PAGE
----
Alot of bills are introduced at the start of each session of Congress, and the more controversial ones often take the full two years to get passed. For example, the original AW ban was introduced in early 1993 but was not signed into law until September 1994.

    So introducing a bill early in the session helps line up co-sponsors and get the process started. And with Democrats in control, it’s quite possible that they would not allow a last-minute bill to get introduced after the Supreme Court makes a decision. Better to have one waiting in the wings than starting the whole process from scratch.

    The NRA understands this. The GOA does not.

  20. Steve:

    I would agree that criminals shouldn’t have guns, if not for the ease with which our Elect Officials make honest citizens into criminals.


    The US Code was not handed down from the mountain, it was written and passed by Congress.

    Look at today’s Congress. If the Supremes handed them a way to ban guns, based on a single word, they would slam a new legal definition of “militia” through so fast that the air would have to fill in behind them.


    The NRA was formed in 1871. The first Federal gun grab was the National Firearms Act of 1934 (which was itself a response to violence that resulted from the government’s idiotic Prohibition scheme). Even James Brady couldn’t believe that the NRA had no purpose for the first six decades of the club’s existence.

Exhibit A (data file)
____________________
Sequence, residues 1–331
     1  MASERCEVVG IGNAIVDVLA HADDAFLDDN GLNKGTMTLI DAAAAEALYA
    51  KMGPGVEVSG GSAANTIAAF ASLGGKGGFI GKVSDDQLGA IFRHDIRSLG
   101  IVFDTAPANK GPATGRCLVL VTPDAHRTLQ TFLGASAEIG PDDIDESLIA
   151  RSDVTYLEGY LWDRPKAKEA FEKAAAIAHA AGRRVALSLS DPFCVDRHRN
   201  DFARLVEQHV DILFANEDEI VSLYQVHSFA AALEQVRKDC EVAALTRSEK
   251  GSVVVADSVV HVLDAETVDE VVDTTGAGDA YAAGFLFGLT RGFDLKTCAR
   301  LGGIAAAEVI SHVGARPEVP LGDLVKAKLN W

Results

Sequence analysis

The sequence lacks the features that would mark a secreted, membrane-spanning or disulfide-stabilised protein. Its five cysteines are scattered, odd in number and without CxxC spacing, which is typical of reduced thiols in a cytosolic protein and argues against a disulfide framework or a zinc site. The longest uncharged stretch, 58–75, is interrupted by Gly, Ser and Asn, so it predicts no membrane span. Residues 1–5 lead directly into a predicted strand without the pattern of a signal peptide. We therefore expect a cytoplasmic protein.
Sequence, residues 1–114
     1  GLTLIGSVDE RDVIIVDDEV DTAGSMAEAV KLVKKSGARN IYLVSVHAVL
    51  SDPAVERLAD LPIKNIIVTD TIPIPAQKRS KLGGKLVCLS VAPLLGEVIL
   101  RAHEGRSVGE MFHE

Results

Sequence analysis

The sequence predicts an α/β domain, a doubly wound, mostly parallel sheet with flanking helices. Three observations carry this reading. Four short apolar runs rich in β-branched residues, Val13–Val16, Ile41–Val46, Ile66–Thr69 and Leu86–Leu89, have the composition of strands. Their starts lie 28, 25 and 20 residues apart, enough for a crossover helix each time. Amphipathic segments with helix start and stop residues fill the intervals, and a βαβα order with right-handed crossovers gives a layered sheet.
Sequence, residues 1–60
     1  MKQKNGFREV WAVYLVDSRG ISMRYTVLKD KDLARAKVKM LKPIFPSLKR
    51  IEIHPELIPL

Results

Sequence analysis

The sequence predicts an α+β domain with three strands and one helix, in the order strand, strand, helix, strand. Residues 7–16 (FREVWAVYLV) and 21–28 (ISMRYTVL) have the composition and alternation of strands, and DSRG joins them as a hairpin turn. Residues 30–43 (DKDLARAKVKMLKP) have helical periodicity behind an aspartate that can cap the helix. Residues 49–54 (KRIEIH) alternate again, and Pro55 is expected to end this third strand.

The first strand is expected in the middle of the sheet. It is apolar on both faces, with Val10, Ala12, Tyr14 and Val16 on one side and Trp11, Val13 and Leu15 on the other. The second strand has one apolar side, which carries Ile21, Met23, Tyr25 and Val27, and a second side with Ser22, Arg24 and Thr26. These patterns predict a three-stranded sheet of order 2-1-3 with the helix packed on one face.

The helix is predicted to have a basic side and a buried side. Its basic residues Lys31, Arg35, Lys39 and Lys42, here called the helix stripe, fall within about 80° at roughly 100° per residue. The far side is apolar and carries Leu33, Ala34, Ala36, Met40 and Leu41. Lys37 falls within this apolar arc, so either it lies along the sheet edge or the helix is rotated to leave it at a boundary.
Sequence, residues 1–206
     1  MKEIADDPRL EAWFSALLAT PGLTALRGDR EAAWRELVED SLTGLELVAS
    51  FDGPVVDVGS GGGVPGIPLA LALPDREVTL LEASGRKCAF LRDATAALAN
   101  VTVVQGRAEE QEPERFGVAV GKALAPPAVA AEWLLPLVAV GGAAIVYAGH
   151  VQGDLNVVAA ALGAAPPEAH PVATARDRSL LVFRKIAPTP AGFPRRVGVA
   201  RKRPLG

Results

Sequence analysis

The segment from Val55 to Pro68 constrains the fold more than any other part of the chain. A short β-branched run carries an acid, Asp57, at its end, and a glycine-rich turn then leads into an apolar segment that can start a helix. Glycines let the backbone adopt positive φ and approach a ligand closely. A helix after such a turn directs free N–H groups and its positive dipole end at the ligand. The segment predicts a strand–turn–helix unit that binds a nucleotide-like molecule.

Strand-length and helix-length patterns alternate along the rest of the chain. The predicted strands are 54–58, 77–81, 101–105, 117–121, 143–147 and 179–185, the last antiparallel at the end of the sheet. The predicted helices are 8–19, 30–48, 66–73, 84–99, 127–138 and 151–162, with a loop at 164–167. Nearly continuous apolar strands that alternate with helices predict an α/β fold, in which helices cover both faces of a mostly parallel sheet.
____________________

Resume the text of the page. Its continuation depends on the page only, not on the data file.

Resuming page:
21. Gun bans are to the $$NRA$$ what polio once was to the March of Dimes. An acknowledgement by the Supreme Court that the Second Amendment means what it says, rather than the tortured construction given by most U.S. Courts of Appeals, would do to the $$NRA$$ what development of the Salk and Sabin vaccines did to the March of Dimes fundraising–it would require some to develop another schtick, and others to actually (shudder) work for a living.

  22. BTW: AWB Part II HR 1022, rising zombielike in the presence of its Donkey masters, has been forwarded to subcommittee. It has 30 cosponsors in the House.

    The Dems won’t leave it alone after all. How do you turn a small government libertarian into a Republican voter year after year in spite of everything? THIS is how.

  23. Which is exactly how it should be, criminals should not be allowed to have guns.

    That was accomplished in 1938.

    Gun control keeps guns out of the hands of criminals because it makes it illegal for them to have guns.